LAKE PLACID — So, what is a foot sanctuary?

Christina Frazier, owner and operator of Adirondack Foot Sanctuary in Lake Placid, said she hears that question daily.

"It's hard to answer," she admitted. "I made it up."

Frazier thought the lack of insight could keep some guests at arm's length from her small Main Street shop.

"Once people know," she said, "then they say, 'Sign me up for that.'" 


A native to New York's Mohawk Valley, Frazier recently returned to her home state to be with partner Mark Schelle. 

Though moving from Oregon, the therapist said, it was through eastern travels that the idea of a foot sanctuary was born. 

"In Asia," she said, "everyone was getting foot massages. Everyone."

Frazier stayed there for about two months, and, she said, received a foot massage nearly every day. 

"All of these parlors were on every corner," Frazier said. "I was really blown away and was so moved by their culture.

"There was a lot of ingratitude. There was this high level of service in the way that they treated each other and their clients."


Mixing her own 25-plus years of service experience with that of the eastern culture, Frazier created something all her own. 

Behind the curtain of her shop sits the "sanctuary floor," complete with cozy couches, candlelight and soft music.

"The seats are up high so guests sit on a riser and the therapist can work ergonomically — they can stand or sit," Frazier explained. 

"So, guests sit on a raised couch and soak their feet in a hammered, copper bowl with stones at the bottom." 

Not only does the copper have benefits, Frazier said, but the soak was its own medicinal combination, mixing Epsom salt, Dead Sea salt, tub tea and a signature blend of herbs and botanicals that was created in coordination with Saratoga Springs-based Saratoga Tea & Honey. 

"Just like aroma therapy, the soak brings a level of relaxation to your system, to your feet," Frazier said, adding that Dead Sea salt alone was comprised of more than 20 trace elements. 

"You're absorbing those 21 elements, like potassium, magnesium, calcium," she said. "So, it balances your system.

"It's all natural to your body and to healing." 


The Lake Placid parlor has a variety of ritual-based soaks, massages and other treatments, including facials and pedicures.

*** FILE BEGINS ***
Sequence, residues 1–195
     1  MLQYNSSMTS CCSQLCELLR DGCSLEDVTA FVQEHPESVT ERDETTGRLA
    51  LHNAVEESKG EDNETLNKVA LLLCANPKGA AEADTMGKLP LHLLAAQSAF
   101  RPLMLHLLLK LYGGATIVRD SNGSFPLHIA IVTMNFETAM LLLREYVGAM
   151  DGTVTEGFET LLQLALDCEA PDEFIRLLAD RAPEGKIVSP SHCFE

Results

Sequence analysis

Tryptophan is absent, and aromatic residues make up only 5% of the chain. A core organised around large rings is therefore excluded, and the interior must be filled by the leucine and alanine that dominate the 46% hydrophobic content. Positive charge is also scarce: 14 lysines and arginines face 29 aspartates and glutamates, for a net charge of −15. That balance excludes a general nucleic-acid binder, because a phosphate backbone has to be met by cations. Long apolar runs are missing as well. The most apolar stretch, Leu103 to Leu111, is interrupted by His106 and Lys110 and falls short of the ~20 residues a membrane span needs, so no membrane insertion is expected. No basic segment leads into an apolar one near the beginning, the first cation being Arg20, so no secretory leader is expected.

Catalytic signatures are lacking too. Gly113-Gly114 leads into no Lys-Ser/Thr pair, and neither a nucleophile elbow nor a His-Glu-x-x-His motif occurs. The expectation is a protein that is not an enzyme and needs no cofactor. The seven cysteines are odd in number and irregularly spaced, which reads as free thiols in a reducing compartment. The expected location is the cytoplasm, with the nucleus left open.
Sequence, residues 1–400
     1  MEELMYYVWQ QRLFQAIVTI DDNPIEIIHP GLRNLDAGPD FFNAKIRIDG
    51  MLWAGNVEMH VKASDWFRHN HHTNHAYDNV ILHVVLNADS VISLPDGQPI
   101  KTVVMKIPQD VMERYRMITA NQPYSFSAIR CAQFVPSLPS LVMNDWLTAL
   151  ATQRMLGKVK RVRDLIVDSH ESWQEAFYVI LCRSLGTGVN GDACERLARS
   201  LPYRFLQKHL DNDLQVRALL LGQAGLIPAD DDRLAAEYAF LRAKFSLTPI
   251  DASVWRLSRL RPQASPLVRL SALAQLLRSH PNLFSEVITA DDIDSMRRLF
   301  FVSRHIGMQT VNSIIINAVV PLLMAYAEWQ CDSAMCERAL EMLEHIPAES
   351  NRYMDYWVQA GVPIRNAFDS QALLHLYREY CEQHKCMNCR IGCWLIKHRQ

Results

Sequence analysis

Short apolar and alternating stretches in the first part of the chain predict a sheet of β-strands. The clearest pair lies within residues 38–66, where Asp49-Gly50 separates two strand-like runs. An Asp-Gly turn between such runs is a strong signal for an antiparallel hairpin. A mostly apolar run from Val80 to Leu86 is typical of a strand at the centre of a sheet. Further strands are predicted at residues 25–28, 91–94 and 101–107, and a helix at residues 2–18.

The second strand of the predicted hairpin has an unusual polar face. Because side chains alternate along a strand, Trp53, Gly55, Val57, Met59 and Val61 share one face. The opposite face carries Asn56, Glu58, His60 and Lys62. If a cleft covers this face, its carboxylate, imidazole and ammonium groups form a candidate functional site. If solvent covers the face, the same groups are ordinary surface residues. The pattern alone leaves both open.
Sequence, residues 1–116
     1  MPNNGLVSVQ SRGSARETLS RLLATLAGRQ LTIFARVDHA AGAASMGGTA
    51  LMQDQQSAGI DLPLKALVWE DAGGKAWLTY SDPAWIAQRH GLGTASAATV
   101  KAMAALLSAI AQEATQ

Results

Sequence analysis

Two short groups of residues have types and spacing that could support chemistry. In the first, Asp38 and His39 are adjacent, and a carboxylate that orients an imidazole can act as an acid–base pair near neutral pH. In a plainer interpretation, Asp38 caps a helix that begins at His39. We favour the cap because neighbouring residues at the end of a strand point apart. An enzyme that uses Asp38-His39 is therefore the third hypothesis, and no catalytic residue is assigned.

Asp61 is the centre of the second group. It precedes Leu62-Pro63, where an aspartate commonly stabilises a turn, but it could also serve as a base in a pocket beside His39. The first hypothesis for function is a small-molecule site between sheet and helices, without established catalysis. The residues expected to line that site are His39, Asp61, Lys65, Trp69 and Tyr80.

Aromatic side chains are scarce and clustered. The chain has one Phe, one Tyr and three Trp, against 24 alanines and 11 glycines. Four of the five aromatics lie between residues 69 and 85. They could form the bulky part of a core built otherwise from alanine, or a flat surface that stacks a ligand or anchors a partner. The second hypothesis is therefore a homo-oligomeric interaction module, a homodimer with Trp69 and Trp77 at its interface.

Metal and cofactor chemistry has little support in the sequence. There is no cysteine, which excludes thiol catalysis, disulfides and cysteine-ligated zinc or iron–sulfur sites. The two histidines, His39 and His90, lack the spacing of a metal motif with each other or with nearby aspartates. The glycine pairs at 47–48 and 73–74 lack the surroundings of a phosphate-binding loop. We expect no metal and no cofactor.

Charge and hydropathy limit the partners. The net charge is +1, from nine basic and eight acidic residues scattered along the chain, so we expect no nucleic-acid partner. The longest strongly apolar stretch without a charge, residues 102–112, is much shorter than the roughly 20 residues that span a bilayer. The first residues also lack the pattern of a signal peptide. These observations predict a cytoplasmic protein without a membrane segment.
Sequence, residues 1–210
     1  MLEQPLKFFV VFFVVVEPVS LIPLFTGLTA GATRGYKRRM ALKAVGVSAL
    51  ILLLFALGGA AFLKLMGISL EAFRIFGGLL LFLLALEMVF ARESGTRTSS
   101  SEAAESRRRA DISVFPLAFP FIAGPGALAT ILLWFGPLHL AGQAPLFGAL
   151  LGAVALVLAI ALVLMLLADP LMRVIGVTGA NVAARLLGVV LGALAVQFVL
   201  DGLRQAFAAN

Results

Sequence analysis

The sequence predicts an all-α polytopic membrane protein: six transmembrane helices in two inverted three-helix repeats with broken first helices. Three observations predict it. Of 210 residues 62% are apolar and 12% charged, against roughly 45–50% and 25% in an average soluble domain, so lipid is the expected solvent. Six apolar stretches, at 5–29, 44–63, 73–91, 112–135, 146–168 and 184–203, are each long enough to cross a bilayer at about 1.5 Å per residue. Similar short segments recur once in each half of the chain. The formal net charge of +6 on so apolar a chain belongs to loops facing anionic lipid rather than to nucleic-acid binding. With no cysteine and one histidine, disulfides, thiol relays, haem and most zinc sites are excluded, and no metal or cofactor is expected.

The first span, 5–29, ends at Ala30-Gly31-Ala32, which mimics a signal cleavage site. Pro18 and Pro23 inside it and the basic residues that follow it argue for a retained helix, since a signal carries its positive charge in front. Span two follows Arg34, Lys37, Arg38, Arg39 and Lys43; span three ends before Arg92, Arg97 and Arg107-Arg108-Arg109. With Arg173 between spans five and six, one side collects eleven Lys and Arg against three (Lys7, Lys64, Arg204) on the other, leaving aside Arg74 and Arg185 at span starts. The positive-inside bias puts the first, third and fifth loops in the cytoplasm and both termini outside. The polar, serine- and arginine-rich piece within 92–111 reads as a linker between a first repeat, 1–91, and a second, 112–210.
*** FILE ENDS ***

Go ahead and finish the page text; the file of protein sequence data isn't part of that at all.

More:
"The feet hold a lot, both metaphorically and physically," Frazier said. "They are what grounds us." 

That's because, she said, there are 7,000 nerve endings on the bottom of the feet. 

"Those reflexive points on your feet coordinate to your body, to your organs," Frazier said. "So if you have lower back pain, or if you have neck pain — it all connects. 

"It's really a full experience." 


And, Frazier said, that full experience was valuable for all walks of life. 

"This is great for runners and for hikers and for skiers," she said. "But also for busy people, busy moms and just people who are on their feet."  

The sanctuary floor can accommodate up to six people at a time, and, while smaller and larger parties are welcome, Frazier said the space was designed for duos.

"The model of the business is made for two people to come in together," she said. "While one soaks, the other gets a lower leg and foot massage.

"Then, you switch." 


In its 14 months since opening, Frazier said, Adirondack Foot Sanctuary has done nothing but grow. 

"We're blossoming," she said. "It's almost like we can't keep up. Some days I turn away 15 to 20 people." 

Though some start apprehensive, the shop owner said, the concept has been well-received. 

"Literally magic is happening," Frazier said. "People are loving what we do. 

"When they leave, they hug us." 


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Twitter: @McKenzieDelisle

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